The former CEO of the Oakland Coliseum Authority, who resigned in August amid claims that he was illegally trying to profit from a naming-rights deal with RingCentral, has now been charged with a felony.
The Alameda County district attorney just filed criminal charges against former Coliseum chief Scott McKibben, who is believed to have tried to charge a $50,000 "finder's fee" to Belmont-based RingCentral in exchange for negotiating the naming rights for the stadium. He's been charged with one felony and one misdemeanor count of violating conflict-of-interest laws. As the Chronicle reports, McKibben said that neither he nor his attorney had heard of the charges.
As SFist reported in August, McKibben had previously allegedly said he was not aware that the state Political Reform Act prohibited him from serving as an independent contractor while also serving on the Coliseum board. And there is a separate law, which is the basis of the new charges, that prohibits him from financially benefiting from any public contract in which he has negotiating power.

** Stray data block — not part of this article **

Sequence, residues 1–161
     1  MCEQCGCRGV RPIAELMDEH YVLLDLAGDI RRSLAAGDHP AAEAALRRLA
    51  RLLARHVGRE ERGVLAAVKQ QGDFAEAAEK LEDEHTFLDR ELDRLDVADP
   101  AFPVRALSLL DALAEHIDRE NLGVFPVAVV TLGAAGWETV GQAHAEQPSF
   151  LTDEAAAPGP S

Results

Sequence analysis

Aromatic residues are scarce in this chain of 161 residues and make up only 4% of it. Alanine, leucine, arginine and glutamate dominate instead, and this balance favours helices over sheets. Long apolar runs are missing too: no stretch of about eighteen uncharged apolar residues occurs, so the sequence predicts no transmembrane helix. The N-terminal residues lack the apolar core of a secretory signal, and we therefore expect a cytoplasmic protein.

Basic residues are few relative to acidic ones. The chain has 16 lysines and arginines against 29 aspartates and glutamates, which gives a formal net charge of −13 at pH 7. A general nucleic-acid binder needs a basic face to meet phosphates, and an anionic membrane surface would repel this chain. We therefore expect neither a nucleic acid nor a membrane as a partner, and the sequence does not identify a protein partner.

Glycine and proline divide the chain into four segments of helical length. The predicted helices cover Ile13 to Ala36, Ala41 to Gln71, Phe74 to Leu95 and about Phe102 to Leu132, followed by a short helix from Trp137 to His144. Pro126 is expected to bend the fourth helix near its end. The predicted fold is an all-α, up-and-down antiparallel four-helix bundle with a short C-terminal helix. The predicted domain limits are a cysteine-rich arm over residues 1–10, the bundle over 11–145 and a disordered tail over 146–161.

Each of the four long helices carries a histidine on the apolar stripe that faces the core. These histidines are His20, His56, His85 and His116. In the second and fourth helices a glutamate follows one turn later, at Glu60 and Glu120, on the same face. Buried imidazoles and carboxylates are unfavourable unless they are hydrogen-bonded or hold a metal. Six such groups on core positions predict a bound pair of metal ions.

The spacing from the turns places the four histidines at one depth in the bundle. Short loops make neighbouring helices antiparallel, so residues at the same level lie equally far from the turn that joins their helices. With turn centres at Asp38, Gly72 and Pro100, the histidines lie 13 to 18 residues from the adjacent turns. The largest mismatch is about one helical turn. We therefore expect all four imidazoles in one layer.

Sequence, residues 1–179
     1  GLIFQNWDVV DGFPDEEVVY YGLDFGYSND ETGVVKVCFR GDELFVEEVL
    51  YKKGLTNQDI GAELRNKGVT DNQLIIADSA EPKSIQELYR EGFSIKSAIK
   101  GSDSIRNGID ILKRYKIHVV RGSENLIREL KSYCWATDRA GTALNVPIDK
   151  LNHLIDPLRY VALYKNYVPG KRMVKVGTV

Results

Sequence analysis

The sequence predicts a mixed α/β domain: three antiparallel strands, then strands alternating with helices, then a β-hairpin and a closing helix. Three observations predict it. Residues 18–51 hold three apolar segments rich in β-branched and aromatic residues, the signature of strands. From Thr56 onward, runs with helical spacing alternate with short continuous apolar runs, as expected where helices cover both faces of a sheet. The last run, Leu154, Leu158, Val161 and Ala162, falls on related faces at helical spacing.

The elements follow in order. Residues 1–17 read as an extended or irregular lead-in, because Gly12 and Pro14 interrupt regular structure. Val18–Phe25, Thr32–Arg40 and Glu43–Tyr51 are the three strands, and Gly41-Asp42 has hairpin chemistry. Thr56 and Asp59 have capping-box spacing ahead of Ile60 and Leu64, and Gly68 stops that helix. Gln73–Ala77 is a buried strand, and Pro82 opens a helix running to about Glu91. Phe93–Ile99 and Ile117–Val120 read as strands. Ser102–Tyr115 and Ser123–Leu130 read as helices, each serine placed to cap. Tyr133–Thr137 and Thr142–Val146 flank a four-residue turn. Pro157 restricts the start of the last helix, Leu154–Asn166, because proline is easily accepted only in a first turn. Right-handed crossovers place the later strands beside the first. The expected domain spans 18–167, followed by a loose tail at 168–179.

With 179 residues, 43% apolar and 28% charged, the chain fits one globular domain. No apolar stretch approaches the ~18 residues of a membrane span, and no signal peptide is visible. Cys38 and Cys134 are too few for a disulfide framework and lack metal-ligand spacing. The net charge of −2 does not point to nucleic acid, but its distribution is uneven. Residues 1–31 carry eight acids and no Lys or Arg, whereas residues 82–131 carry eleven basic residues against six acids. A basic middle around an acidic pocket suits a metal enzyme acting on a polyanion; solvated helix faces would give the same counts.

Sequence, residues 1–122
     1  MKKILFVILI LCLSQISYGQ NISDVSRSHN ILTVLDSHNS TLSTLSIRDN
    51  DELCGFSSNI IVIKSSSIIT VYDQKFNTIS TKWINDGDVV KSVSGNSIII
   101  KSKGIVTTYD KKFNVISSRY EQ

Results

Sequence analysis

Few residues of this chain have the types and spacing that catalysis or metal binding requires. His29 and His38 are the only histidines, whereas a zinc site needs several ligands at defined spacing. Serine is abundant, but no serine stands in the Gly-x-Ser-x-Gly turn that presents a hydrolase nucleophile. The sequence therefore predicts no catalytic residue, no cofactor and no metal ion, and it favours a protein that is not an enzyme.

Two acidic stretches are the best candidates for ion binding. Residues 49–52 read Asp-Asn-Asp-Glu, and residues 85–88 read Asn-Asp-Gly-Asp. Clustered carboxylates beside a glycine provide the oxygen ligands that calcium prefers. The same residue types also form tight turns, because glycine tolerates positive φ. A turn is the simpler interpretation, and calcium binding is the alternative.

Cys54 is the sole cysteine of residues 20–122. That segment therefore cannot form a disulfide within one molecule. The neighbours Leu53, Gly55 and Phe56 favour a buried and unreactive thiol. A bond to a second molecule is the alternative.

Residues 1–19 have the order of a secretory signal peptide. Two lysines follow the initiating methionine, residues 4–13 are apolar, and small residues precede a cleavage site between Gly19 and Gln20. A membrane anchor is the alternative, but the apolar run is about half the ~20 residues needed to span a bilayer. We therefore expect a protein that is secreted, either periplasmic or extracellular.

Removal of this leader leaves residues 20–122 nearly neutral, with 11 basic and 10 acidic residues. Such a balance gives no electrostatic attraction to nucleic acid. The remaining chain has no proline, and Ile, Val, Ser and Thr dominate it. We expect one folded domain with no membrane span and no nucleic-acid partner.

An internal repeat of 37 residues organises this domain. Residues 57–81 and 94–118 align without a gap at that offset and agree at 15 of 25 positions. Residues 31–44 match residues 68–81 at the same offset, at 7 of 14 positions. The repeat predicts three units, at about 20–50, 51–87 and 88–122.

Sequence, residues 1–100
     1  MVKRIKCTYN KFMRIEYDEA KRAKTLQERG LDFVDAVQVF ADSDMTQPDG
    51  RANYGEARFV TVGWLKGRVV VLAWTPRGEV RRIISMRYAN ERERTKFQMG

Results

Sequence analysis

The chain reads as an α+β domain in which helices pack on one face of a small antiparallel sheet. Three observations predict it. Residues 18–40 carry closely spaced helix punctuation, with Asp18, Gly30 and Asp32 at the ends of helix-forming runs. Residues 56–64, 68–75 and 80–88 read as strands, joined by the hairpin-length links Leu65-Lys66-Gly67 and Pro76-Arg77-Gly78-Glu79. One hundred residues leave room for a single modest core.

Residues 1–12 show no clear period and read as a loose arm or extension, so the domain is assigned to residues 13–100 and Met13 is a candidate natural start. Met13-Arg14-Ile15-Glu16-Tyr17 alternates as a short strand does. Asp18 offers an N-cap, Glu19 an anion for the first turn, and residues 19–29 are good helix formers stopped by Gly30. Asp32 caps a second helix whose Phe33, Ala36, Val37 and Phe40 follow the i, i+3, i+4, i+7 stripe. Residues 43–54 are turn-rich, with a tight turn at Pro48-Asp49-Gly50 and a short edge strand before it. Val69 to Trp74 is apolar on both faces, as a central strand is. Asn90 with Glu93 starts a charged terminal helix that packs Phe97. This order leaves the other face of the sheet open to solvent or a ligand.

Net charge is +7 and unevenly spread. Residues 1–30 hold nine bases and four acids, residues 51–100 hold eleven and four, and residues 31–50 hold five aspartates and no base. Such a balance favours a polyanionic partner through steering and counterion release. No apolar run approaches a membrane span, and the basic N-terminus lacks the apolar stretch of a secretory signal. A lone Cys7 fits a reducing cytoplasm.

Under a deal struck earlier this year, RingCentral is set to pay the Coliseum Authority $1 million per year to have their name on the stadium for the next three years. But the Authority board has since said they will be renegotiating the naming rights in the wake of the allegations against McKibben.
Per the Chronicle, employees at RingCentral say that McKibben brought up the $50,000 fee when they first visited the Coliseum late last year. McKibben then allegedly sent three emails with attached invoices, each for $50,000, in June of this year. He reportedly never collected the fee.